City of Hamilton taking steps to fight homelessness, but there’s a lot of work to do

For the past three years, Larry Simpson has been homeless. But that’s about to change. In July he moves into his own bachelor apartment.

“I would go by on the bus every day and I see them working on the building and I know it’s coming and it’s just going to be something that I’m not ever, ever going to leave,” he says.

For now, Simpson is living in a rooming house in Hamilton, Ont., about 45 minutes west of Toronto.

He’s getting support from the new drop-in service at the Hamilton Regional Indian Centre (HRIC) that just opened its doors during the first week of March.

It’s been a life-changer for Simpson who became homeless after losing his job and suffering a serious back injury.

Since that time he’s been couch surfing and living on the streets.

“Boy oh boy, I’ll tell you on some of the coldest nights I was in some, really, predicaments where I was covered up with bags and really keeping it, keeping it tight,” he tells APTN News.

“But the weather is so real and I prayed and I and I said to myself, ‘I will get out of this.’”

City of Hamilton
Larry Simpson says he can’t wait to move into his bachelor apartment, ‘I have a beautiful little cat named Suki, somebody’s taking care of her right now.’

According to Audrey Davis, executive director of the HRIC, there’s a great need for housing and support programs, 23 per cent of the homeless population are Indigenous.

She says that’s why the City of Hamilton has dedicated 20 per cent of it homeless budget to the organization.

But Davis says it’s a drop in the bucket compared to the support that’s needed.

“Housing isn’t the root cause of Indigenous Peoples issues, that goes back to the historic traumas right in being able to get people in a place because they can’t get over their addictions, over their mental health concerns,” she says.

“They can’t stabilize in a job, they can’t have a healthy family life if they don’t have a roof over their head right.”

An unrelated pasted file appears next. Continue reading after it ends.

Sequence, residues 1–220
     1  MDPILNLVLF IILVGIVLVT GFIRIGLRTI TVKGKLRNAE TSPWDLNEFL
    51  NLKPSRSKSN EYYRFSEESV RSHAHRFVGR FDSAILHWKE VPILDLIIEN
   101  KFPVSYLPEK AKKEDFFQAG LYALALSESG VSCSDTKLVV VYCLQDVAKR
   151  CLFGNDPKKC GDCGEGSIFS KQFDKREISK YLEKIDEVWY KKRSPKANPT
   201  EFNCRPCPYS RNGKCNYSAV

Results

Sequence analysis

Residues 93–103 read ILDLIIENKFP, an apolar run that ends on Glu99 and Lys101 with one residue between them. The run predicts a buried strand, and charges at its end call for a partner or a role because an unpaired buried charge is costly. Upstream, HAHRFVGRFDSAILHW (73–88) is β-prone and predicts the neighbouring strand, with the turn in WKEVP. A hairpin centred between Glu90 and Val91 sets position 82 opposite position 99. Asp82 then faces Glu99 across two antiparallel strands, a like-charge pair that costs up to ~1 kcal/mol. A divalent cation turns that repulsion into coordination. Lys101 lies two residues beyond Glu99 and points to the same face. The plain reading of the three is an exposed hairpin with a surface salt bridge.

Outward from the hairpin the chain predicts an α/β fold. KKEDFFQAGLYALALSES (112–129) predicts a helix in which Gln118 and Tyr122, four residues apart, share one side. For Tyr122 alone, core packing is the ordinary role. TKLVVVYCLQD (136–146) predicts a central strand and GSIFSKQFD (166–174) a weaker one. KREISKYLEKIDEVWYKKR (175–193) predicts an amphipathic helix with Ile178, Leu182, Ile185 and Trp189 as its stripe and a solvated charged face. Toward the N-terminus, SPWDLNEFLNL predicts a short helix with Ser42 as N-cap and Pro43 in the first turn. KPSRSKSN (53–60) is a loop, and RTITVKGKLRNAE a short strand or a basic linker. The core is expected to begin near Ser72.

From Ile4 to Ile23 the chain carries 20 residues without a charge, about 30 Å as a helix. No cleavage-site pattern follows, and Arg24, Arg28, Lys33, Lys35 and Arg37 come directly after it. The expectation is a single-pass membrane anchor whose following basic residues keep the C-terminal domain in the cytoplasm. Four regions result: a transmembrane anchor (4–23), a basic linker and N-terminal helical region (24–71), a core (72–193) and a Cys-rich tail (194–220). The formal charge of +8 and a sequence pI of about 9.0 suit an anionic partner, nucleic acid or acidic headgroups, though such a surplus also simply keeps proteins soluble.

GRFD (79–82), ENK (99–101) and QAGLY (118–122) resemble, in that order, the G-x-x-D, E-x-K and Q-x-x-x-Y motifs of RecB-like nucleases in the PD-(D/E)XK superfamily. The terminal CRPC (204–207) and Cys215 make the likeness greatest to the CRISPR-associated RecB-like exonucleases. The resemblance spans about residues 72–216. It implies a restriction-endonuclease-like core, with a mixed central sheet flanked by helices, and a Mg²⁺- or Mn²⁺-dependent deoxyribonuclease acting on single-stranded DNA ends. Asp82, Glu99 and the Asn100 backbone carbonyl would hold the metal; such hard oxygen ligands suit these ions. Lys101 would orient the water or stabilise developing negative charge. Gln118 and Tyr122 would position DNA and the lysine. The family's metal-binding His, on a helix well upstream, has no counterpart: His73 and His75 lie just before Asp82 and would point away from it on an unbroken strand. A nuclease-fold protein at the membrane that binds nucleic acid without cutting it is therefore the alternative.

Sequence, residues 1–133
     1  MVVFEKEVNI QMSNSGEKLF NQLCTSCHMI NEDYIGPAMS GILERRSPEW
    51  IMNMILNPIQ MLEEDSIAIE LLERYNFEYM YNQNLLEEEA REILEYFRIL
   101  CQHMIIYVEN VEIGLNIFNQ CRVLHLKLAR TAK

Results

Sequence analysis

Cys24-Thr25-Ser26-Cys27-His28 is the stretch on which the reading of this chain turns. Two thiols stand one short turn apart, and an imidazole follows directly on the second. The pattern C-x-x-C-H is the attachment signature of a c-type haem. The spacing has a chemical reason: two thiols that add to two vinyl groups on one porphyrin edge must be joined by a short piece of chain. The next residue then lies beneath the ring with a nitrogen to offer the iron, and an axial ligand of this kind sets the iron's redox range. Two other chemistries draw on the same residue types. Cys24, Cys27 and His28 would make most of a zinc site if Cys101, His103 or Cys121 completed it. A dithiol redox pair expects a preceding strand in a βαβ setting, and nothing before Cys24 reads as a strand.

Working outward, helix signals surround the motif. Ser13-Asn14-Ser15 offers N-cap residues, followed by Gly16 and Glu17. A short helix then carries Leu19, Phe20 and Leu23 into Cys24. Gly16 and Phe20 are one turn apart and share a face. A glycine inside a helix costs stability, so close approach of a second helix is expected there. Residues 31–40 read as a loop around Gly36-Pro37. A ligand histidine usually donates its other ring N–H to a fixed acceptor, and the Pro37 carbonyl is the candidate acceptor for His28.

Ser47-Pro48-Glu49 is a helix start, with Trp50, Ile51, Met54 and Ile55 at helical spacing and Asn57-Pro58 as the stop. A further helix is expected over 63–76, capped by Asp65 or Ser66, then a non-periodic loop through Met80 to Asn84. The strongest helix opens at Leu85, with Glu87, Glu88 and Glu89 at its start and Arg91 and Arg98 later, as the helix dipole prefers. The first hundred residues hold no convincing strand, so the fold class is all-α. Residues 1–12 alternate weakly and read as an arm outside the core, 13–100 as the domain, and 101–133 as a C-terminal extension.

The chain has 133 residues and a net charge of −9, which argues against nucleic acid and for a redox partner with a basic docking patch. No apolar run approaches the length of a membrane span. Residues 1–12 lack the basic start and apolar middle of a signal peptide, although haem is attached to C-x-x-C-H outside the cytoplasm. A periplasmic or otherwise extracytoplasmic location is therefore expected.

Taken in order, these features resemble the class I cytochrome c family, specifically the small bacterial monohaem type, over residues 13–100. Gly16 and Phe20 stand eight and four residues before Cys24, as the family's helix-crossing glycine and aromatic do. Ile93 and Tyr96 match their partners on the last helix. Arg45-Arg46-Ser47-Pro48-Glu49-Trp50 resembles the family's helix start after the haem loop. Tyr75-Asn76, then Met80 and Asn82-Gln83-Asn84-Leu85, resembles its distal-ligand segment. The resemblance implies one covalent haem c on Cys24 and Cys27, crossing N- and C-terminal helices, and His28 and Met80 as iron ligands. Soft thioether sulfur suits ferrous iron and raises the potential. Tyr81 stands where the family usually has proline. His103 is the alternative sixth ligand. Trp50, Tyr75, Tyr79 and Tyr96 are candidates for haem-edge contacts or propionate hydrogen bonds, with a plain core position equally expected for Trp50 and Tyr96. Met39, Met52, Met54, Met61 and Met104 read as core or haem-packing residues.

Along with housing and support programs, the drop-in offers three meals a day, and a safe space to connect with peers, culture, and community elders.

Sheryl Green is the program manager of the housing and homelessness supports and services department with the centre. She says they’ve helped to house 35 households, but it’s still not enough.

In spite of building relationships with the city’s housing program and developing partnerships with various other housing programs, there’s still a lot to do.

“We have been out there trying to increase partnerships, to increase availability to housing stock, but there’s absolutely not enough,” she says. “The housing crisis, which I’m sure is everywhere, not just in Hamilton, but that is the biggest barrier in us being able to support our clients.”

With so many challenges and barriers, Larry Simpson is very thankful to have a roof over his head.

“I can’t wait, I can’t wait,” he says. “I have a beautiful little cat named Suki, somebody’s taking care of her right now and I can’t wait to get her back, because you know, she’s a part of my mental health from something, that, we just have a great relationship, me and Suki.”

Until then, Simpson said his focus will be on going to the gym to help rehabilitate his back.